If you’ve purchased a blast-resistant building, or even if you’re still in the bid phase considering your options, you may be wondering what happens once you send in the purchase order. Once the deal is done, is it just a matter of waiting?
There are many of steps that happen between the time you send in the purchase order and the time your blast-resistant building is delivered. When you choose to work with an experienced company like RedGuard as your partner, you can be assured that the transition from sales to project management is a smooth one, with few surprises.
As an industry leader in designing and building blast-resistant modular buildings, RedGuard has seen thousands of projects through from start to finish. We’ve created a process that we know works. And, because we know blast-resistant buildings inside and out, we can make the process run smoothly, whether it’s your first project or your twenty-first.
The purpose of this article will be to review the steps that happen after the sale is made, during the project management and the manufacture of a blast-resistant building.
Because the process can vary depending on the vendor, we can’t guarantee that the process will be the same with every company. This article should give you a general idea of what happens during the manufacturing process and in the time leading up to it.
Moving into Project Management
Once a purchase order (PO) is received, the project is handed over to the project management group. At that time, a purchase order review begins to make sure that the company can/will accept the purchase order.
Not all POs are accepted immediately. Sometimes the blast-resistant building manufacturer requires changes in the contract language, or there could be details to be clarified before the PO is formally accepted.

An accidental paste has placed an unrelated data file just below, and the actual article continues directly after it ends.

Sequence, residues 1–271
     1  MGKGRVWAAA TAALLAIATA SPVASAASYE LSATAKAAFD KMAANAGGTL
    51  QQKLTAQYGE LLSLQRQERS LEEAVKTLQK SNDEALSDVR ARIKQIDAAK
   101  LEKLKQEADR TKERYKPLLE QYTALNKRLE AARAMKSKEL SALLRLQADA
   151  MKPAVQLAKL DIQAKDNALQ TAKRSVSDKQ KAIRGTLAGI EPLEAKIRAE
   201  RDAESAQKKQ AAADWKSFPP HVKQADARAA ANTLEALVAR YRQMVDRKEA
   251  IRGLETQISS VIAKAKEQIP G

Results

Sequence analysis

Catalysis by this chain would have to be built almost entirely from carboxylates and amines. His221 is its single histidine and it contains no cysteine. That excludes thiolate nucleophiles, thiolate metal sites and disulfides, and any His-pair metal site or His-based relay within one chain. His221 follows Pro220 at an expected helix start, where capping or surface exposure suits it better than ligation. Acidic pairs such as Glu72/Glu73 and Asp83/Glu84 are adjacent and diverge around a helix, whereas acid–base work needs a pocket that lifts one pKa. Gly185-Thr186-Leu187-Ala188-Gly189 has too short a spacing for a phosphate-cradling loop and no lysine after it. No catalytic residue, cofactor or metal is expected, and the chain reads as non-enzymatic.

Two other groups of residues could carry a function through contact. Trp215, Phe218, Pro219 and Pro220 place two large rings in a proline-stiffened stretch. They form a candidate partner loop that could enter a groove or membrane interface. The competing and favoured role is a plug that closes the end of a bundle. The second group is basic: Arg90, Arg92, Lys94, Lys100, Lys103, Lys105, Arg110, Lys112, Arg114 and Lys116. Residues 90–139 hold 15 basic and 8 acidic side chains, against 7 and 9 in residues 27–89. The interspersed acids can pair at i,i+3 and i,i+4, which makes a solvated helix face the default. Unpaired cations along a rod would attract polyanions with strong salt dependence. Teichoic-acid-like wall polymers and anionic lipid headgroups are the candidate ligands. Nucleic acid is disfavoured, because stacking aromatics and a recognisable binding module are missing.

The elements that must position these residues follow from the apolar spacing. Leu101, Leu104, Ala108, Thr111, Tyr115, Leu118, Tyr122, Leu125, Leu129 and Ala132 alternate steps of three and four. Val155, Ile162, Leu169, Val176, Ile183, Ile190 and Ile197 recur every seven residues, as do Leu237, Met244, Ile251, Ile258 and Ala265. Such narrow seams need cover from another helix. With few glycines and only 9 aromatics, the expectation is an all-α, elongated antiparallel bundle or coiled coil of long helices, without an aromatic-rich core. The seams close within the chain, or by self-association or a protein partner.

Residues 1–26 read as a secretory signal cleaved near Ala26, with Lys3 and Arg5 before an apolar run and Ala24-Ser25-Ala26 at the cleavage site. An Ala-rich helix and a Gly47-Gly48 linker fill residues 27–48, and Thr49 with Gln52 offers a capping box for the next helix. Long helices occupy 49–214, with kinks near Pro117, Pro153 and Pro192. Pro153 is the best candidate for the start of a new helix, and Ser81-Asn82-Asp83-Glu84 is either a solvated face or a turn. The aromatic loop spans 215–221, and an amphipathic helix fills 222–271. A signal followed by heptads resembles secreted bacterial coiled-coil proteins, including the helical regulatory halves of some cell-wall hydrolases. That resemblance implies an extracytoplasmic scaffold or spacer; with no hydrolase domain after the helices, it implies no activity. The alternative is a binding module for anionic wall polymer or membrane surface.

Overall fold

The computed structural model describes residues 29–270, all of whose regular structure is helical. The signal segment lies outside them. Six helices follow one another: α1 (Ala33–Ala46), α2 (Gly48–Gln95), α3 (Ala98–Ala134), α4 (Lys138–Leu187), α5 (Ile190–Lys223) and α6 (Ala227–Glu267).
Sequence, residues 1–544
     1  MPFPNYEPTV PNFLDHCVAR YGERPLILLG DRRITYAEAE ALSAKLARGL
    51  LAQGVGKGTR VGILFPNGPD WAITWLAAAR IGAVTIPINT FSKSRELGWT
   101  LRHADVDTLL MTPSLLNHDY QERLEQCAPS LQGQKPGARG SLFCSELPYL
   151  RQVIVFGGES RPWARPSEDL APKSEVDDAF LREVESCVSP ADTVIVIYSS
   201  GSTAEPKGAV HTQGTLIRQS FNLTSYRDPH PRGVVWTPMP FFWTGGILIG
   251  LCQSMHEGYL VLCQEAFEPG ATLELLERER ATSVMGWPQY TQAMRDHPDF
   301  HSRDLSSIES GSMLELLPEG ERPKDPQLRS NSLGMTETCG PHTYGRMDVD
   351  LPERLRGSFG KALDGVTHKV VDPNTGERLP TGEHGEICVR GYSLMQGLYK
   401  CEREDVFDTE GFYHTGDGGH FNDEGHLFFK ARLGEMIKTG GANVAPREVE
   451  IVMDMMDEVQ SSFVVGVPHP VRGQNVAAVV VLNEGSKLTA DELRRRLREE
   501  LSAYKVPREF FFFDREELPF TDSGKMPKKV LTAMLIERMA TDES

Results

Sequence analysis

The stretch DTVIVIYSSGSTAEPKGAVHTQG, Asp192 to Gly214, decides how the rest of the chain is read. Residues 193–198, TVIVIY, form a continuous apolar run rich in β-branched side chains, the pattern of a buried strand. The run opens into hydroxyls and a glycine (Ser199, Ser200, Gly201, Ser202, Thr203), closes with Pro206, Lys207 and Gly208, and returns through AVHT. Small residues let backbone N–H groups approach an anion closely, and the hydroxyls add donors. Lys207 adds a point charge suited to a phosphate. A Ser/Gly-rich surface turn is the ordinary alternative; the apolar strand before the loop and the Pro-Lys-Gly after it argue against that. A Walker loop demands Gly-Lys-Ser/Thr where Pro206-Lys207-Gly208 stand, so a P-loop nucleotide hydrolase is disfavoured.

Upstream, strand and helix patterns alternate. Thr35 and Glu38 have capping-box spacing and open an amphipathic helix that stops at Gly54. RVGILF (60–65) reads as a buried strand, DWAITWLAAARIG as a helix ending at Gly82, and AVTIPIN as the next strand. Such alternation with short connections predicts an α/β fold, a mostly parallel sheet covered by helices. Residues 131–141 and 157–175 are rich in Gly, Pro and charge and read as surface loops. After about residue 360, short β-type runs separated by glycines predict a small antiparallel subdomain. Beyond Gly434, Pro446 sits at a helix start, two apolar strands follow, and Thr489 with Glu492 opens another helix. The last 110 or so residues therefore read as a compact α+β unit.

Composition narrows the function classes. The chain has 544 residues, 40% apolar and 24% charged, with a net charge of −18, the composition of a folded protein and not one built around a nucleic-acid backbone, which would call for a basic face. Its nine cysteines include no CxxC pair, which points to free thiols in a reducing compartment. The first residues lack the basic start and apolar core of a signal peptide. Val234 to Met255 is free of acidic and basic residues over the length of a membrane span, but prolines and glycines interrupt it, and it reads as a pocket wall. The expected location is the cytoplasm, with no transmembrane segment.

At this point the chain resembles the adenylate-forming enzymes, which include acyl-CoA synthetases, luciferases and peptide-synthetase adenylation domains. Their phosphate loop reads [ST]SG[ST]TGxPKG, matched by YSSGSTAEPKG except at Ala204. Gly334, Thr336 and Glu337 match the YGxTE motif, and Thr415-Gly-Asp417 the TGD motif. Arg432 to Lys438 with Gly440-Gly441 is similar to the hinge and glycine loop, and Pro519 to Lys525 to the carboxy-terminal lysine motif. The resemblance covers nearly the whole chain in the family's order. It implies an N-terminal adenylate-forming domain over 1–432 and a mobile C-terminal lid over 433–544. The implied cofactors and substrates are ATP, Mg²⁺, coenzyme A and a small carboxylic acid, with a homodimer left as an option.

Occasionally, some new specs may show up in this stage. For example, the purchasing agent may not have clarified the type of HVAC system required or whether the system should be redundant. Before the PO is accepted, the building vendor will send it back with language defining these types of details, and the customer will need to approve the additional details.
Depending on the complexity of the changes, and the responsiveness of those involved, getting the PO approved could take between a few days and a few weeks. The project manager will do what they can to ensure the process keeps moving until both parties sign-off on the PO.
The Kick-Off and Design Stage Meetings
Once the purchase order is formally accepted, the floor plan is emailed to the customer for review and an initial kick-off meeting is scheduled.
The kick-off meeting gives the salesperson the opportunity to introduce the customer to the project manager, and for the project manager to begin talking about expectations for the project. During the kick-off meeting, the customer has reviewed the floor plan in advance, allowing for more design conversations to begin. In this meeting, there will also be a detailed review of the architectural, mechanical, electrical, plumbing, structural, and blast components of the building. Additional meetings may be required for each of these components of the blast-resistant building.
Once the project is under the care of the project manager, the original salesperson will be relatively hands-off unless their assistance is needed. For example, their assistance may be required to discuss change orders or commercial changes, which occur when there are customer-driven changes that result in an increase or decrease to the contract price.